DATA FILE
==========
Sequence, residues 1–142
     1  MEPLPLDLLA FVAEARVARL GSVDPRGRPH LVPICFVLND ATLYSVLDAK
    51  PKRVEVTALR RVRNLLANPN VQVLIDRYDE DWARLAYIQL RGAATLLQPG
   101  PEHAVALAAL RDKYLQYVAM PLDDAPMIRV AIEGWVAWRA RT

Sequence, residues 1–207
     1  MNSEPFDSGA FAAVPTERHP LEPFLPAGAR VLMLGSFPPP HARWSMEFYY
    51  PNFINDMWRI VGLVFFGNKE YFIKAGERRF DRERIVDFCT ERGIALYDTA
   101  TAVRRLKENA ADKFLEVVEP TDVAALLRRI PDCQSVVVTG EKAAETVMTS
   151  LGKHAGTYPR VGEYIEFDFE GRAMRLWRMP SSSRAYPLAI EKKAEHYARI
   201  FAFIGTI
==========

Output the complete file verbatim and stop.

Sequence, residues 1–142
     1  MEPLPLDLLA FVAEARVARL GSVDPRGRPH LVPICFVLND ATLYSVLDAK
    51  PKRVEVTALR RVRNLLANPN VQVLIDRYDE DWARLAYIQL RGAATLLQPG
   101  PEHAVALAAL RDKYLQYVAM PLDDAPMIRV AIEGWVAWRA RT

Sequence, residues 1–207
     1  MNSEPFDSGA FAAVPTERHP LEPFLPAGAR VLMLGSFPPP HARWSMEFYY
    51  PNFINDMWRI VGLVFFGNKE YFIKAGERRF DRERIVDFCT ERGIALYDTA
   101  TAVRRLKENA ADKFLEVVEP TDVAALLRRI PDCQSVVVTG EKAAETVMTS
   151  LGKHAGTYPR VGEYIEFDFE GRAMRLWRMP SSSRAYPLAI EKKAEHYARI
   201  FAFIGTI